NEW YORK — Following Saturday’s murder of Mark Carson in Greenwich Village, some are asking if Americans’ love of homosexuals is on the decline, and if so, why?
“Is not liking gay people even a thing anymore?” asked Peter Gould, a resident of Staten Island who works in the Village. “The last time I heard anything remotely homophobic was in 2002, and even then the guy might’ve been saying ‘baguette.’”
Ostensibly, gay affection has been steadily building as of late. Just this month, Minnesota legalized gay marriage. Likewise, the National Council of the Boy Scouts of America will vote this week on whether to allow gay members. If approved, they will then hold a follow-up vote asking whether to allow mega gay members.
Overseas, American allies France and New Zealand both recently legalized gay marriage. In Britain, Prime Minister David Cameron is determined to legalize same-sex marriage, and Japan is still shaped like a penis dripping out of a teabag.
Nonetheless, the murder was the 22nd hate crime targeting gays in New York City this year. In comparison, there were 13 incidents at the same time last year, according to New York City Police Commissioner Raymond Kelly. However, Kelly was quick to dispel the notion of a trend, particularly since hate crimes are underreported as it is, but some still maintain that the cultural atmosphere has shifted from the pro-gay 1990s and the let’s-all-not-be-assholes 2000s.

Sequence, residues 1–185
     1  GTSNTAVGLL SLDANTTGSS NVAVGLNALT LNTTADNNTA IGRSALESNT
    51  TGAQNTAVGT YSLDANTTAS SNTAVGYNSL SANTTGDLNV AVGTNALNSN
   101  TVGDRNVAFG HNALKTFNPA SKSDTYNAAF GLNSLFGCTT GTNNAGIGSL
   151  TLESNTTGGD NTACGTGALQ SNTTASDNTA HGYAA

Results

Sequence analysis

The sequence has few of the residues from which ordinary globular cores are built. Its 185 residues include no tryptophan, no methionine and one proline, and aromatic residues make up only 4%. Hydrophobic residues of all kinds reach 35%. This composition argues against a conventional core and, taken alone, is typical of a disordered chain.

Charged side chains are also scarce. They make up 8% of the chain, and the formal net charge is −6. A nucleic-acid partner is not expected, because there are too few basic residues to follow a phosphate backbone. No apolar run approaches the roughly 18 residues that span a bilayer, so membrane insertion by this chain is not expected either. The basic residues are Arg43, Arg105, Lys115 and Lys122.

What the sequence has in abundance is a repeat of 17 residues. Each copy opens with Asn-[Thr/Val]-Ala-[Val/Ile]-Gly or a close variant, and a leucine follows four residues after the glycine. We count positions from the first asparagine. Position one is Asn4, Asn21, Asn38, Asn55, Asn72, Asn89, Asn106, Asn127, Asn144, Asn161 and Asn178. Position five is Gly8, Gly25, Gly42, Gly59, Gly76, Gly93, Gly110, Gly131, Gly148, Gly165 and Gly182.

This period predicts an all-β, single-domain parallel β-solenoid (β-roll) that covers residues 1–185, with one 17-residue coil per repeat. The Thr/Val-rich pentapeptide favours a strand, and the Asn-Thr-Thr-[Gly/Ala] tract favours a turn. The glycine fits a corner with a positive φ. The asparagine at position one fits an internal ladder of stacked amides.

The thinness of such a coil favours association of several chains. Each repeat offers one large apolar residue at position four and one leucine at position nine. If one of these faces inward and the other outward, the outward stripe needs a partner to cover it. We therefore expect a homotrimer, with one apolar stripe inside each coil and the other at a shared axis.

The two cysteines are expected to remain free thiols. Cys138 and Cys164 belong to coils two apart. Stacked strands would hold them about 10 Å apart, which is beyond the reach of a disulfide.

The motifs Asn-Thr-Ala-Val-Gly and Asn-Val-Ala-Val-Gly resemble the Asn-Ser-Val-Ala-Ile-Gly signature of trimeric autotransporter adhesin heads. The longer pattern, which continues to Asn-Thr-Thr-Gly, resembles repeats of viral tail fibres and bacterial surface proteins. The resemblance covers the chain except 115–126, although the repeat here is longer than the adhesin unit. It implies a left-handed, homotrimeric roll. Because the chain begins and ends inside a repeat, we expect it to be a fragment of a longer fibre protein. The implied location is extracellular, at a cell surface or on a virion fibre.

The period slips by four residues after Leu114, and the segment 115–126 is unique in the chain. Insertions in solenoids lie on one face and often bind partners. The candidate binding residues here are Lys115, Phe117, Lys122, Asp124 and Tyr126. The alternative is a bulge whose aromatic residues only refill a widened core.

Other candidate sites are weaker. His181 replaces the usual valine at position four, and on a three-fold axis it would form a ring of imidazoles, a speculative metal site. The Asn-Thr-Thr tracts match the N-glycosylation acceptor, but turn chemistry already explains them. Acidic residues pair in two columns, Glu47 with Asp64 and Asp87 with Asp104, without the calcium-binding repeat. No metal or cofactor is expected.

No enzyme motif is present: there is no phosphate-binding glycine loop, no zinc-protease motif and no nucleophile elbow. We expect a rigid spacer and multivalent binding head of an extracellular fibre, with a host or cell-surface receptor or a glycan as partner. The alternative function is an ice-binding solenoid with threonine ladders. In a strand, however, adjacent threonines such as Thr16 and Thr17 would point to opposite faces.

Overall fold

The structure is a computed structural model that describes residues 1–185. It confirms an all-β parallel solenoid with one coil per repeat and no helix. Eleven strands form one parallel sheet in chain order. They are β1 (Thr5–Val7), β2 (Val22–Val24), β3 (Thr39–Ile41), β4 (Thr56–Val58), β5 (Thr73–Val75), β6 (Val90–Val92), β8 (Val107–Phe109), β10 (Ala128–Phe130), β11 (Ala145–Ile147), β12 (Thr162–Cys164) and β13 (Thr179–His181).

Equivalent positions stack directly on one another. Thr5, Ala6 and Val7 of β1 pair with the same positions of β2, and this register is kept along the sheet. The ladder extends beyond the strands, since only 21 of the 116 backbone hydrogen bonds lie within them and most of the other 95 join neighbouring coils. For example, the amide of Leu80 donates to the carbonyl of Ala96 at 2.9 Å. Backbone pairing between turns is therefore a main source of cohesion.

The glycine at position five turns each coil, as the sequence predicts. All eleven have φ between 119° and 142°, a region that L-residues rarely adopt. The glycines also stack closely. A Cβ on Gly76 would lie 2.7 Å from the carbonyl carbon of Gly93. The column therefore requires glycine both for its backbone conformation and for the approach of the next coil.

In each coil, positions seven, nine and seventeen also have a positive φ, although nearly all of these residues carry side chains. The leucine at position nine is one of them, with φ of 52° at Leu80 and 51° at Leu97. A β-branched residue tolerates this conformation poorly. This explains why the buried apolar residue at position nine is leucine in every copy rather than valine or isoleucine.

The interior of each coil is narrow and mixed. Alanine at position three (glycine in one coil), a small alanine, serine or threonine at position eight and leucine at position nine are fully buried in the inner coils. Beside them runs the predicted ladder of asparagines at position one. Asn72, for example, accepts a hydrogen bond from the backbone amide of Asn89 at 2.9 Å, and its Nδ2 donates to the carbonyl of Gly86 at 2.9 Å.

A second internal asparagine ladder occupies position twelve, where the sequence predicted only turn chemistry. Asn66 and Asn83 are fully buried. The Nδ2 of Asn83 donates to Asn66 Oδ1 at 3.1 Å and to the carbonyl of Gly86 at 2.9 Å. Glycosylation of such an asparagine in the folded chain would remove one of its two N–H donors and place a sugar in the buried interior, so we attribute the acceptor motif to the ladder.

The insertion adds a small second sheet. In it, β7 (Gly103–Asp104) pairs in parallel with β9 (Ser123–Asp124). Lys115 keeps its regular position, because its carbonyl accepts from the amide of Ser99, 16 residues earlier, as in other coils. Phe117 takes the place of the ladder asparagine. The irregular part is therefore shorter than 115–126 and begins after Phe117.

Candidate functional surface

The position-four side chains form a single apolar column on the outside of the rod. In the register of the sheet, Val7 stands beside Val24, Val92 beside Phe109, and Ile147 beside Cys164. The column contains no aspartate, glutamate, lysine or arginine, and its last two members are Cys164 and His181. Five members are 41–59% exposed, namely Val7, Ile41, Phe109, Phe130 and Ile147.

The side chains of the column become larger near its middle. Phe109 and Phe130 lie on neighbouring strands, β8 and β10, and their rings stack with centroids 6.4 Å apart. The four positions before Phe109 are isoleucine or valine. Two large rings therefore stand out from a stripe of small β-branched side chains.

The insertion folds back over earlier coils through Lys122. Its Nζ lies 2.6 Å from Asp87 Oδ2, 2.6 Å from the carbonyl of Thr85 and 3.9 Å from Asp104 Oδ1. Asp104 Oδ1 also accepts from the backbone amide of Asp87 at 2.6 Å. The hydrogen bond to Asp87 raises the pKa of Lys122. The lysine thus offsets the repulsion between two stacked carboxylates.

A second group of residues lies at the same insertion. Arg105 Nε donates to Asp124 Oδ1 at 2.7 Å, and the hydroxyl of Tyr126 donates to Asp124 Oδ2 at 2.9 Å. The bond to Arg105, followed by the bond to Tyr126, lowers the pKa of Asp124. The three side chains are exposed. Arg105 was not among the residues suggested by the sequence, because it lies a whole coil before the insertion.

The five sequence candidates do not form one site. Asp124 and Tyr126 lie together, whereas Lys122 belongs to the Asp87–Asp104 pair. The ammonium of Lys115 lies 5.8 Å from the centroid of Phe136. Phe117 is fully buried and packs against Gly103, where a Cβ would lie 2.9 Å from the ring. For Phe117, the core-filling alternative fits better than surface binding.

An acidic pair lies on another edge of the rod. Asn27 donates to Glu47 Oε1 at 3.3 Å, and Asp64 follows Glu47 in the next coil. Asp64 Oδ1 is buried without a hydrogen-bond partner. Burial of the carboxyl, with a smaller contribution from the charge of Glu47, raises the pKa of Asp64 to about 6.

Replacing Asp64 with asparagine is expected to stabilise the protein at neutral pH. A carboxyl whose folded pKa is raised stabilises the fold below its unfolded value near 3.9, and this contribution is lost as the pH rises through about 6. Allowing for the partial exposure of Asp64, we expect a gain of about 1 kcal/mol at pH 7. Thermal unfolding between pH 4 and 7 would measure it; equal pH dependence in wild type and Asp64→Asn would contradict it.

Worse, there have been two more incidents since the shooting. On Monday evening, a 45-year-old was beaten unconscious in the East Village after going out for drinks with another man. On Tuesday morning, two men were attacked on a street in Soho early on Tuesday morning by two men shouting anti-gay slurs.
“America is very fickle,” said NYU sociology professor Paula England. “One moment it’s segregating schools and washrooms, the next it’s electing Barack Obama. One moment it’s legalizing gay marriage, the next it’s throwing the word ‘faggot’ around like chips at a nacho party. Sometimes America is an asshole.”
“Yeah, almost positive it was ‘baguette,’” said Gould. “As in, ‘Get a room, baguette.’ I think the person was making a mess eating his bread or something.”